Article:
Toysrus.com Suit So Far Is Just A Party of One
"Toys 'R' Us has not been served with the actual complaint in this matter," company spokesman Stephen Jones said, "but based on the allegations in the press release issued by the law firm, Toysrus.com sees no merit to the claims."
Sole plaintiff Kimberly S. Alguard of Lynnwood, WA, is angry that the online retailer failed to deliver toys ordered Dec. 7 by Dec. 22. The toys were bought for her 4-year-old son.
Meanwhile, Alguard's law firm of Hagens Berman, claims others have approached it to join the suit, but would not disclose how many, or how much the suit is for.
Alguard said in her suit that she asked for a three- to six-day delivery, but got suspicious when the order didn't arrive in the time-frame requested.
When the exasperated parent finally contacted Toysrus.com, Alguard claims company representatives told her the order would reach her by Dec. 22. "But it wasn't until 9:30 p.m. on Dec. 22 I found out that my order was not going to arrive by Christmas," she said in the news statement.
Alguard said she spent the next 48 hours searching frantically to replace the gifts she expected delivered by Toyrus.com.
Hagens Berman, which specializes in class-action cases, stepped in and agreed to sue on behalf of Alguard and other Toysrus.com customers who bought toys on the site by Dec. 14 - the cut-off set by the company for guaranteed delivery - but did not get delivery by Dec. 25.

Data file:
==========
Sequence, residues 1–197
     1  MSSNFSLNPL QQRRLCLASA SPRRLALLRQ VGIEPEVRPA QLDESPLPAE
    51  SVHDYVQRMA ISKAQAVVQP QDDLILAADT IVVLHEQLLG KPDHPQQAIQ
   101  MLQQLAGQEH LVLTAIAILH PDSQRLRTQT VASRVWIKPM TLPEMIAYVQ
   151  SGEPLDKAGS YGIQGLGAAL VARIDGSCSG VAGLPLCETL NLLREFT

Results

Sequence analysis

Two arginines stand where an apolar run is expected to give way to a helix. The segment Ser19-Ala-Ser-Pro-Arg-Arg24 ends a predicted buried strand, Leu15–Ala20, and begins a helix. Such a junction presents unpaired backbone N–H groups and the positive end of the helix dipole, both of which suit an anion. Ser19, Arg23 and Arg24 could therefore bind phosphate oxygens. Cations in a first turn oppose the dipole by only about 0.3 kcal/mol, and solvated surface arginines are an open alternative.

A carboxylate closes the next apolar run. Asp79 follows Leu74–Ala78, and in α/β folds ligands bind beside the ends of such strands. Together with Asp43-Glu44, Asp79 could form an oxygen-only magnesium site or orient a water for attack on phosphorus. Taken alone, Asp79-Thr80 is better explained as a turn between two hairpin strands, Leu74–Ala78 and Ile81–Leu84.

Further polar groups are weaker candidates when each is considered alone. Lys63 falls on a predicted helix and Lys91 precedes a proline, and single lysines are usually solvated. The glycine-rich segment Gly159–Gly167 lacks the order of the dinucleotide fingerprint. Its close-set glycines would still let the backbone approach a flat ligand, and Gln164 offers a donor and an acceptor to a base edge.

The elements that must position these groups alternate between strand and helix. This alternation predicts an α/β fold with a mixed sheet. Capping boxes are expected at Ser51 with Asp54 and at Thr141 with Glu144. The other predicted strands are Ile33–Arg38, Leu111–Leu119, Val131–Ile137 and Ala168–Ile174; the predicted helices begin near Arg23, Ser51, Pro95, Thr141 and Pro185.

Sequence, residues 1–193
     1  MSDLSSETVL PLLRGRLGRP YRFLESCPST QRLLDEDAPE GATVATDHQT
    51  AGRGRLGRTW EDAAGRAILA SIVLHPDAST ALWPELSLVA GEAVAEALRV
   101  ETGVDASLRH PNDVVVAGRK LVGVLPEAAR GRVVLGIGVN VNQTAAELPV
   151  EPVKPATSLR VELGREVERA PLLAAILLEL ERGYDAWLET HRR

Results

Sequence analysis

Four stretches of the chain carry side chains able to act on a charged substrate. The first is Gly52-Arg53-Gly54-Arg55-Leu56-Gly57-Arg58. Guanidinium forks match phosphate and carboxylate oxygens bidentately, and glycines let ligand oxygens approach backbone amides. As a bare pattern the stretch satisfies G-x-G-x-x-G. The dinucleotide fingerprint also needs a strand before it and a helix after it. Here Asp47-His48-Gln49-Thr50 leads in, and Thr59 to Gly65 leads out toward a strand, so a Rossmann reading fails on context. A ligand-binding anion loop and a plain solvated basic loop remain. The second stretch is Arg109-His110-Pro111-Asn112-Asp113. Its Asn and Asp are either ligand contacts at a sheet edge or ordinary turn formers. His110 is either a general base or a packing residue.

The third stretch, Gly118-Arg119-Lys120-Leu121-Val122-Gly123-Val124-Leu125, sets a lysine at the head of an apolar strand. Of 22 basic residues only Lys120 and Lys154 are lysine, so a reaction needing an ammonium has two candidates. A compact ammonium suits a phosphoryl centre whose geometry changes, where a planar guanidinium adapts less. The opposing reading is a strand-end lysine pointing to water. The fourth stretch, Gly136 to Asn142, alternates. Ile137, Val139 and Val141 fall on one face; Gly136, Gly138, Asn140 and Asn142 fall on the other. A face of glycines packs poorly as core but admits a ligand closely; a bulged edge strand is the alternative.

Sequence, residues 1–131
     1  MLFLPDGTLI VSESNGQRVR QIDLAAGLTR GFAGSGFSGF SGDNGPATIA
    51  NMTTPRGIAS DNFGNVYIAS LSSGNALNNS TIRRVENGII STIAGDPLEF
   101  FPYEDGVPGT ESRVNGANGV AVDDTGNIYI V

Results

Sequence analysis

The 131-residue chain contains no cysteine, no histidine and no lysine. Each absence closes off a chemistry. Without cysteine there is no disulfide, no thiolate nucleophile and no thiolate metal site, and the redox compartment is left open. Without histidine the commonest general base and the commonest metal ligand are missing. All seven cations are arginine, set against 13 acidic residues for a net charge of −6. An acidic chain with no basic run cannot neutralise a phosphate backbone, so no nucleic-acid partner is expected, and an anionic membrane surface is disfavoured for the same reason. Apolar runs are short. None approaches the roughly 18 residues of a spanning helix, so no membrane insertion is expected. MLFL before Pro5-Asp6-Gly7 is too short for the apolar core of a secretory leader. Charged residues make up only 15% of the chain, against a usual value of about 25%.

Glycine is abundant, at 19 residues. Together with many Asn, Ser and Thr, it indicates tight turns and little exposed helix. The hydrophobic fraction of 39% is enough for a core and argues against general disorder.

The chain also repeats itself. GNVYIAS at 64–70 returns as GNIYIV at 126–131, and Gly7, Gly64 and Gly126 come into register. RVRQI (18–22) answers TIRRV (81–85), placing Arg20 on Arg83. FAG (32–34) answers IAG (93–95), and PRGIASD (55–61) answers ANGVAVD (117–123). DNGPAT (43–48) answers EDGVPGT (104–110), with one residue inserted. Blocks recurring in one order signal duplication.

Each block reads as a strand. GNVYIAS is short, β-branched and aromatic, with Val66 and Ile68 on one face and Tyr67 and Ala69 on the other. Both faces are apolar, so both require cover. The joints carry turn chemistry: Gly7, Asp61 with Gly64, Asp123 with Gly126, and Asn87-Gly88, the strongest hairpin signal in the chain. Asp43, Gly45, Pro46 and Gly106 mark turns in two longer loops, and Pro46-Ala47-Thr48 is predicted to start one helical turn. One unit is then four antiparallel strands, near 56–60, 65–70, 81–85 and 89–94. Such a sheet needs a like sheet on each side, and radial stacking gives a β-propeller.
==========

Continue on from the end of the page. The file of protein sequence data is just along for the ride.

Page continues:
Meanwhile, some think Toysrus.com is taking a bad rap for being courteous enough to apologize for its delivery mistakes with a $100 gift certificate redeemable at Toys 'R' Us stores.
eToys.com and Macys.com were among several online retailers that also faltered in delivery this Christmas, and they weren't as contrite as Toysrus.com in trying to appease disappointed customers, said Seema Williams, senior analyst at Cambridge, MA-based Forrester Research.
This lawsuit has enormous implications for e-commerce and online retailers, she pointed out.
"Online retailers are going to necessarily limit the number of orders that they take to make sure that they can commit to actually deliver in getting those products out the door," Williams said. "Because it used to be that if you got 90-something percent of your boxes out - fine, close enough. But a hundred percent is now required."
In November, Toys 'R' Us parent dropped 62 million catalogs nationwide inviting consumers to visit Toysrus.com for a $10 discount on a $25 purchase. So many people responded that the site crashed several times in the ensuing days.
Those who managed to reach the home page saw this apology: "Due to the overwhelming popularity of the Toys 'R' Us Big Book of savings, we have had to limit the number of guests to our Web site. Please accept our sincere apologies and try again later."
Meanwhile, John Barbour, CEO of Toyrus.com, said the week of Nov. 8 that "in order to meet customer demand for the holidays, Toysrus.com will be tripling the number of servers ... to prepare for the rush, on top of the quadrupling of servers we implemented last month, as well as continued investment in the technical infrastructure."
The class-action suit by Hagens Berman said these were early signs of Toysrus.com's inability to meet Christmas delivery commitments. The retailer promoted itself heavily during the holidays, and had 1.75 million visitors weekly Nov. 22 through Dec. 12, the suit alleges.
"There are a lot of things in life that are excusable, but ruining Christmas for thousands of children isn't one of them," Steve W. Berman, partner at Hagens Berman, said in the statement. "The thought that Toysrus.com had full knowledge they couldn't keep the Christmas Eve date but continued to accept orders makes it even worse. To thousands of kids, Toysrus.com is the e-grinch who stole Christmas."